Alresford

Yesterday’s weather didn’t quite resemble the forecast, so we cut our losses and skipped the next leg of the Dorset Coast Path.

So what to do?

Join the M25, and get stuck in a jam?

Nope.

A trip across country to meet a friend?

Yup.

I suggested Winchester, but he suggested Alresford.

A good choice.

This settlement is over 800 years old, and is now stuck in a 1950’s time warp.

Perfect!

The River Arle winds its way around the north of the town, and somehow this has been distorted to give the town it’s name.

I’m guessing that they (like Shakespeare) were a little inconsistent when it came to spelling.

As this second shot shows the town had its fair share of mills. The water which rushes alongside these ancient buildings are known as a “race”.

Before the advent of electricity flour mills were exclusively water powered.

Here’s an abandoned watercress farm (and presumably another old mill) just 100 yards from my last shot.

It’s a shame this area has been left to rack and ruin, especially as the water is still so clear and the cress still tastes good.

Having gone “off piste” we strolled to the north of the town, hearing birds singing, and watching large billowing clouds building above the fields.

I believe these exquisite blooms are Snake’s Head Fritillary, and the yellow one? Cowslip.  It seems a good year for the latter, we saw thousands last week on the North Downs.

These flowers were nestling alongside a freshwater stream, and beneath the surface were lush green weeds that reminded me of the foliage I once kept in my goldfish bowl.

A little further on we came across this amazing residence, which straddles a fast flowing stream and is built right on the convergence of two water courses.

I noticed it had just been sold, presumably it has stood the test of time, although I’d struggle to sleep if it was mine?  Goodness knows how much the insurance must cost!

Out to the other side a “No Cycling” sign had been peppered by air rifle pellets, not that it seems to have bothered the local mallards and Chiffchaff that were present in abundance.

Oh how I wish we’d seen a Water Vole.  This once common species is now virtually extinct throughout most of Britain, but they still survive down here in Hampshire.

Leaving the babbling brooks behind us, and carefully stepping over a duck egg on the tarmac path we were soon back on The Avenue.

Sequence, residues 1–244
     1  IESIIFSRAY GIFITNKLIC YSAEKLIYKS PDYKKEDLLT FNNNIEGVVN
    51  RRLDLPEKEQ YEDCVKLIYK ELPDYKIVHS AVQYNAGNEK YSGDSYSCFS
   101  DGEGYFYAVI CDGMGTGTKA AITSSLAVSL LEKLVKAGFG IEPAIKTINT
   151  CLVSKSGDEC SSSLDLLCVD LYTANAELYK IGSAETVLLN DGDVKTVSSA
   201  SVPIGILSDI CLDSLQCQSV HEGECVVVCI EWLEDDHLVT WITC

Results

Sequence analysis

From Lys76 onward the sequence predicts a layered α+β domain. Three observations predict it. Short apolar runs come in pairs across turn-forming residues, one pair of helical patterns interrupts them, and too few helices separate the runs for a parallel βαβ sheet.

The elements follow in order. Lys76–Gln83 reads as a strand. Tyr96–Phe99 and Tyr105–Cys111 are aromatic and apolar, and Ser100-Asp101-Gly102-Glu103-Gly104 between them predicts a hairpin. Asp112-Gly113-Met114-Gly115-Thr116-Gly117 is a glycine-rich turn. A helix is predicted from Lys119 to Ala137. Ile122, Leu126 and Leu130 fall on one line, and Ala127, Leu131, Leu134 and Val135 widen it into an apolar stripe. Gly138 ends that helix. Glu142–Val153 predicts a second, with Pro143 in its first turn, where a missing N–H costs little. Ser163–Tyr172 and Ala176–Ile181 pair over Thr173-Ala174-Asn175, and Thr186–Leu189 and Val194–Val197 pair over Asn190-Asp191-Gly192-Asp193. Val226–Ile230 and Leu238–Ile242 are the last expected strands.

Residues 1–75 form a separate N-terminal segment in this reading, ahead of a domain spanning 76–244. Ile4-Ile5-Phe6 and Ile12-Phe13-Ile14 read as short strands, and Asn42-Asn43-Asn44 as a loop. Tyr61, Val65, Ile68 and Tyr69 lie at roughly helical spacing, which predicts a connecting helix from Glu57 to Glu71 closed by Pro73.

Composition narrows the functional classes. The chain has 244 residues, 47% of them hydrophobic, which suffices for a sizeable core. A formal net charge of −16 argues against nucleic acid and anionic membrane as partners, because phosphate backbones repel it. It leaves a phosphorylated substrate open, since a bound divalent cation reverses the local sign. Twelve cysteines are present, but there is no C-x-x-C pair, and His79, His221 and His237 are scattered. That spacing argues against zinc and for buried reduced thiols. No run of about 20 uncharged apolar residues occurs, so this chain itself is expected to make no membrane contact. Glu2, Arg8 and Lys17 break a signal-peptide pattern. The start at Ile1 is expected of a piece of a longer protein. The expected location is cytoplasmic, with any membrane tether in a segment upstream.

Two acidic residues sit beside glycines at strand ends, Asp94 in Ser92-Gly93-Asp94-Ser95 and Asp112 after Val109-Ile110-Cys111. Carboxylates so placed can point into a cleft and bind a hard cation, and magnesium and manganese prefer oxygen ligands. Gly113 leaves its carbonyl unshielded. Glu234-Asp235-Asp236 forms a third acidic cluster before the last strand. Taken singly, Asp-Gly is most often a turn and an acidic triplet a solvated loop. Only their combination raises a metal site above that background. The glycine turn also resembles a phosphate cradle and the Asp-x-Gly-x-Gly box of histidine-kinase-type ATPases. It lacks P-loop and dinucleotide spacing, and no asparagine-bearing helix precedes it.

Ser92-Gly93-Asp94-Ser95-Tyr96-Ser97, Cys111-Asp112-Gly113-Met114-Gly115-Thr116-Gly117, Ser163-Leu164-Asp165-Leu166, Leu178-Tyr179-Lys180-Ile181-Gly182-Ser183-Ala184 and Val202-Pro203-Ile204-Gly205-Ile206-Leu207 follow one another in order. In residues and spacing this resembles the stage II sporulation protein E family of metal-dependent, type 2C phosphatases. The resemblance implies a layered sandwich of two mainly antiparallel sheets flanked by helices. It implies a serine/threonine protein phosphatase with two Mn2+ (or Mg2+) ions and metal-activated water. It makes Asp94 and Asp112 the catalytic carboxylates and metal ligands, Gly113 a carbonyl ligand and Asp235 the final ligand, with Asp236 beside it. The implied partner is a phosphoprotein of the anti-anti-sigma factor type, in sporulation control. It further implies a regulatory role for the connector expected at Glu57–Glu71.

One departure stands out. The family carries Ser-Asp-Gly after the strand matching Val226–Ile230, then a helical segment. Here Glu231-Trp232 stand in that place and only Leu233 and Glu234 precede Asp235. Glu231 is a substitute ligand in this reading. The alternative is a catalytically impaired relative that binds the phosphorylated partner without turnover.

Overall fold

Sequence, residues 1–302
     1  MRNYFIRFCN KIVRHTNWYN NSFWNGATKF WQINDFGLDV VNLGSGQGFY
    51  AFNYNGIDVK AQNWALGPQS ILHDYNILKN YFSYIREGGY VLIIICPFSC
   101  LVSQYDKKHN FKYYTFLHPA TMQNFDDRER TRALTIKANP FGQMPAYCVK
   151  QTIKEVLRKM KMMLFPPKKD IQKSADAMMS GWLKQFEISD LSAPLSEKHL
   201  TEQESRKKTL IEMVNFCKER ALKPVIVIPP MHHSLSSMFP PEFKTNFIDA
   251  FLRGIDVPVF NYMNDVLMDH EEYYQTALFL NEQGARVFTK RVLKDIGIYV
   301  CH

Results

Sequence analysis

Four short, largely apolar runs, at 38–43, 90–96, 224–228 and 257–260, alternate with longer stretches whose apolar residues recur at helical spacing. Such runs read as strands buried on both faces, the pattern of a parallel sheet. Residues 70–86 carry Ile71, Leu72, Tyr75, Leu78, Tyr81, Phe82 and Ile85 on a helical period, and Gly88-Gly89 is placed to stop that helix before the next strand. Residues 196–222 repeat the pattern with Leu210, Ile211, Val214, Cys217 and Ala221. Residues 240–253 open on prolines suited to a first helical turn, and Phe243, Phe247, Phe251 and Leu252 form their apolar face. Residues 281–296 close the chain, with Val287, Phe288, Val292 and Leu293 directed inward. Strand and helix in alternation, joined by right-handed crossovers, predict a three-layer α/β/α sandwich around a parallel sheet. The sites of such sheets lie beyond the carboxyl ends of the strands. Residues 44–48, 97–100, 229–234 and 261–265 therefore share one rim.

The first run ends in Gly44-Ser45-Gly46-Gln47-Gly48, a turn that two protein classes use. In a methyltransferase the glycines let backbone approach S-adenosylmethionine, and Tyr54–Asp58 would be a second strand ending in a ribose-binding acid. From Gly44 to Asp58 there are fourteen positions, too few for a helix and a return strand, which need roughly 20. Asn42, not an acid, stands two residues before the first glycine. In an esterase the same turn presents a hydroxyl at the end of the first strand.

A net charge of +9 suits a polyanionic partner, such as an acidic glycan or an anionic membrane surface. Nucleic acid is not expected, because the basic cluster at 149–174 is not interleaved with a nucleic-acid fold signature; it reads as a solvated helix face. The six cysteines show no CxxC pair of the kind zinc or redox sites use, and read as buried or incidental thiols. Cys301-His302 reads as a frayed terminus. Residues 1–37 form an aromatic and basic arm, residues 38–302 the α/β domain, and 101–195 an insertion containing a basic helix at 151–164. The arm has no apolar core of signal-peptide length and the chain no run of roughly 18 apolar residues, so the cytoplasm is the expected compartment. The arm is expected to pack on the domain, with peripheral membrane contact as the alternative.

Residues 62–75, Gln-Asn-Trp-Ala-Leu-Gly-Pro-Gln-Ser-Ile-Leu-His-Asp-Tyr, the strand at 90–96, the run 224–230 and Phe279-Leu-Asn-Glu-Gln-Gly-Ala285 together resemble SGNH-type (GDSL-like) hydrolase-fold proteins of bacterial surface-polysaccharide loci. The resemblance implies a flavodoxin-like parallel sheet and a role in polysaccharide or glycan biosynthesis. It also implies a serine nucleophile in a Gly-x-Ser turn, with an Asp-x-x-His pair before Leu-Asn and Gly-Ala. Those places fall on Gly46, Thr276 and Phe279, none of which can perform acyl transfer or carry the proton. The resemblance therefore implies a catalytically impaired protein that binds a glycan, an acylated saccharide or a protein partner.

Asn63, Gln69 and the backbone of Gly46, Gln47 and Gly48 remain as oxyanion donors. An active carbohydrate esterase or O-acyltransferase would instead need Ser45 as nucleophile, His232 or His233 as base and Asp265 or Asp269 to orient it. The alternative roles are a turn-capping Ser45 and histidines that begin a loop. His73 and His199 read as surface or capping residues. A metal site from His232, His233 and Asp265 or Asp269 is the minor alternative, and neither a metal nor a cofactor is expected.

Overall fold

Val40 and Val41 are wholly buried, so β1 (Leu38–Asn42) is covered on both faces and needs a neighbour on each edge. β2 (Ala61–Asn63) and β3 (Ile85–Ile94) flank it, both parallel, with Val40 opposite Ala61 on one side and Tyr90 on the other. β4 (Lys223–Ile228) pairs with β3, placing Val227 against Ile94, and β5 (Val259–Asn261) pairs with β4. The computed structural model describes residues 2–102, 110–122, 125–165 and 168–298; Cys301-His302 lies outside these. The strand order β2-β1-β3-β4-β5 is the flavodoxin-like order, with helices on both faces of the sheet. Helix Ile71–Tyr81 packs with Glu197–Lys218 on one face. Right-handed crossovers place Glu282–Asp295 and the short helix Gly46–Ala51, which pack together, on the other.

Looking out for the Public Conveniences we soon found ourselves just yards from “The Watercress Line” as a train rattled into the station.

Ah, those were the days.  how we all miss choking on soot!

The platform attendants were helpful, and the Station Staff answered my questions on the dining car availability.

£59 a head, and booked until October.  Oh well, i’d better start saving.

After my curiosity was sated we made our way back to the cars.

Here I was reminded of that there window tax we heard about in Canterbury. You’ll recall how the government 320

years ago levied a tax based upon the number of windows in a dwelling.

I wonder what new taxes we’ll be paying shortly after 7th May 2015! All those promises will need to be funded somehow.

I’m pretty scared of the “Mansion Tax”. According to the Lib Dems, and labour we’ll be safe, as we are way under the threshold.

But I don’t trust ’em.

Once it’s on the statute book and the coffers re running dry the middle classes will be hammered.

Ooops, I didn’t mean to get political.

Well that’s the end of our little tour, I wish you could join me in the Tiffin Tea Rooms for a Russian Caravan.

Maybe next time?

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6 comments on “Alresford”

  1. Loving the wisteria 🙂

  2. Don’t get too upset about becoming political. Who ever you get on May 7 it won’t be Tony Abbot.

  3. The scenery is so beautiful, like a painting!
    🙂


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